CHICAGO -- Larry J. Gorrell says banks should pursue opportunities to use derivatives and build fee businesses. But he says that banks must also improve risk management if they are to safely traverse new financial terrain.

"I quickly get to the word risk" when assessing the evolving financial services market, says Mr. Gorrell. Absent expertise and controls, new ventures can produce results "that were never intended," he says.

Head of Arthur Andersen & Co.'s worldwide financial markets consulting practice, Mr. Gorrell oversees about 5,000 accountants and consultants who serve hundreds of clients scattered around the globe.

In 1993, his team generated nearly $450 million of consulting revenues, or roughly 14%, of Arthur Andersen's revenues that year.

Mr. Gorrell, 47, has an insider's knowledge that few financial practitioners can match, enjoying privileged access to myriad banks, thrifts, asset management groups, securities firms, futures and commodities exchanges, finance companies, mortgage firms, and leasing companies.

The executive's consulting priorities say a lot about where the banking industry is heading.

Aiming to catch one of the biggest financial waves of this decade, Mr. Gorrell has launched an international derivatives and treasury risk management group, targeting both dealers and end users of derivatives.

Acknowledging the government's expanded influence in the banking industry, Mr. Gorrell this year forged a partnership with Secura Group, the Washington-based consulting firm founded by William Isaac, former chairman of the Federal Deposit Insurance Corp.

In an interview with the American Banker, Mr. Gorrell says banks "still have one of the best franchises on the face of the earth," but he says maintaining that status in a fast-changing market will require constant vigilance.

Q.: What are the key opportunities and issues facing the banking industry?

GORRELL: Banks are gaining expanded product opportunities. They can sell mutual funds. They can get into the insurance business, underwriting, and lots of other things. When interstate banking laws are enacted, they also will gain geographic expansion opportunities.

Meanwhile, they are losing the near-monopolistic ownership of other products -- and on both sides of the balance sheet. All this has been going on for a decade, but the pace continues to accelerate. It puts pressure on management.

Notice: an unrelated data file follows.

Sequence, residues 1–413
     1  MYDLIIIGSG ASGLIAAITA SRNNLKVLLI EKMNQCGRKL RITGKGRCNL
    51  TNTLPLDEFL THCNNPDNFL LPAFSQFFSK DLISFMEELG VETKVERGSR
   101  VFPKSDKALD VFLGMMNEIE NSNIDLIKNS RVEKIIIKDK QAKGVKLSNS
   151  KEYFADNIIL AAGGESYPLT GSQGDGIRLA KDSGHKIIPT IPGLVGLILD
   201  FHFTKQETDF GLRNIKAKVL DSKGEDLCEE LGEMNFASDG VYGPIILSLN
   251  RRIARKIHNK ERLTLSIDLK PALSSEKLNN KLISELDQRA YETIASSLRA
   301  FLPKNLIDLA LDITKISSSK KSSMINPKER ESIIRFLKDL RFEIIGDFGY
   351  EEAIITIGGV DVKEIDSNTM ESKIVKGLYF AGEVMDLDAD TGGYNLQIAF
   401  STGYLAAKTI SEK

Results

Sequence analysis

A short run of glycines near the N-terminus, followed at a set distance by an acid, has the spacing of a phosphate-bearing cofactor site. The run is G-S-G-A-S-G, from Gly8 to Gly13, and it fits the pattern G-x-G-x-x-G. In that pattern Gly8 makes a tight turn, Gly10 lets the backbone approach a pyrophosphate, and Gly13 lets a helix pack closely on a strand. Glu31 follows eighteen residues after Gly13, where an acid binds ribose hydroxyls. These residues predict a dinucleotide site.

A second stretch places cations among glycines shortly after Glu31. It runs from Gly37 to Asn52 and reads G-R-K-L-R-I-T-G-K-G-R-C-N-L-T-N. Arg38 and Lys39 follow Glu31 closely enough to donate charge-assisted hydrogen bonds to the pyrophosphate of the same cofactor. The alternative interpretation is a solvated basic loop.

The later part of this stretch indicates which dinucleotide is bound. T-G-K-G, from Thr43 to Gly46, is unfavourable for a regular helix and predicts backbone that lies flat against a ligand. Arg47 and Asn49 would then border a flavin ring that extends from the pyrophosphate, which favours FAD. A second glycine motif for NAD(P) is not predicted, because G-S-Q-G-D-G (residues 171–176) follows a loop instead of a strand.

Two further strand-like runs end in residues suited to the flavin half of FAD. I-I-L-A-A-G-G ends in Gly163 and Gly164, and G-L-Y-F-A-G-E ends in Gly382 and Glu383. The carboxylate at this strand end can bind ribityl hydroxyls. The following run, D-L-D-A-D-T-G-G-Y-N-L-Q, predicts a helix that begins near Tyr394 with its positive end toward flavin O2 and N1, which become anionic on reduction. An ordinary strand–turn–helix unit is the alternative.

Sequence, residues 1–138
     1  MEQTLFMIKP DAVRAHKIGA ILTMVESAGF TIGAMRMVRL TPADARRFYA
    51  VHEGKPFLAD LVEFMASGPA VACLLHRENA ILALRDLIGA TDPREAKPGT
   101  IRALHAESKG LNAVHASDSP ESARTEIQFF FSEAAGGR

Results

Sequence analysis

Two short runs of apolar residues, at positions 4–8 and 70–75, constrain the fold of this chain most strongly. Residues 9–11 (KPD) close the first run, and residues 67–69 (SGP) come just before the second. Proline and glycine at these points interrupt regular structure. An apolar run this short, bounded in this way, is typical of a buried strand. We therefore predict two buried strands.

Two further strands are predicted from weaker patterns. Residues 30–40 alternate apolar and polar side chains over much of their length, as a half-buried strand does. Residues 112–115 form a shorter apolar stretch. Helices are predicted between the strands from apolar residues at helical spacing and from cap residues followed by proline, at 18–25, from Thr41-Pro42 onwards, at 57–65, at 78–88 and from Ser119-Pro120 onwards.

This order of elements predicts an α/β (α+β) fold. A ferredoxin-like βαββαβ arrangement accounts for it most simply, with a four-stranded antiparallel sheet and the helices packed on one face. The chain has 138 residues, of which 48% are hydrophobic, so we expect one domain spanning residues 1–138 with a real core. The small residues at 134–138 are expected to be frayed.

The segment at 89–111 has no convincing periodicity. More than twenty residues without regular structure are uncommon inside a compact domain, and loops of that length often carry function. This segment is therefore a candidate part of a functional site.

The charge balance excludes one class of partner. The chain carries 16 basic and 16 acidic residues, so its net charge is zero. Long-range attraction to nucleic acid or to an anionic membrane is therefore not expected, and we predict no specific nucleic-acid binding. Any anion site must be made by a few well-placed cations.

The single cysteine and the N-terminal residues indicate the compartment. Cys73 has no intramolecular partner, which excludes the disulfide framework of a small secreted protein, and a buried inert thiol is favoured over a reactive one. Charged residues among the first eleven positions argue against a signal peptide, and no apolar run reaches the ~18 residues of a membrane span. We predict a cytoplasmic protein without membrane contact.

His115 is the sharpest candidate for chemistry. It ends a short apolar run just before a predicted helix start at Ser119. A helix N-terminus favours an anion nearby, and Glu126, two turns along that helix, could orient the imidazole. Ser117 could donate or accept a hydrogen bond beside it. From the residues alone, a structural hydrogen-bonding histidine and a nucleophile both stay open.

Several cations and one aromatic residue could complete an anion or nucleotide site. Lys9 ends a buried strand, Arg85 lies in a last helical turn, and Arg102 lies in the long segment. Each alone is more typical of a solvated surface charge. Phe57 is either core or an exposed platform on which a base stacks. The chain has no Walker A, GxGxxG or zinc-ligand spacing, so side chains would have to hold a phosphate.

It presents challenges in terms of the organizational and operating structures required to support a successful pursuit. It presents strategic issues.

Maybe it's my auditor background, but I quickly get to the word risk when I think about the environment.

And I think some of the constituencies bank management has to respond to also quickly get to the word risk, whether it is the board of directors, the investment community, or whether it is the regulatory apparatus.

Q.: What is your take on the banking industry's growing use of derivatives?

GORRELL: Derivative instruments are effective risk management tools, and they are improving as a result of the creativity of the people in that business.

Derivatives will become much more commonplace, better understood, and much more widely used.

They are no scarier, if you will, than loan contracts, and they should become almost as routine as debt agreements.

But if the instruments aren't managed by people who understand what they are doing, if management doesn't get good information about how they are being used and controlled, the result can be things that were never intended.

We believe there are lots of financial and nonfinancial institutions that may need help with these issues, beginning at the top of the organizations.

Q.: Where do we stand on derivative accounting standards?

GORRELL: The question is, how do we report on the financial statements an activity that responds to short-term market events when some of the assets and liabilities it may hedge are carried at historical cost? There is not a crisp solution.

We need to get some agreement on what should be disclosed, so as to assure reporting consistency.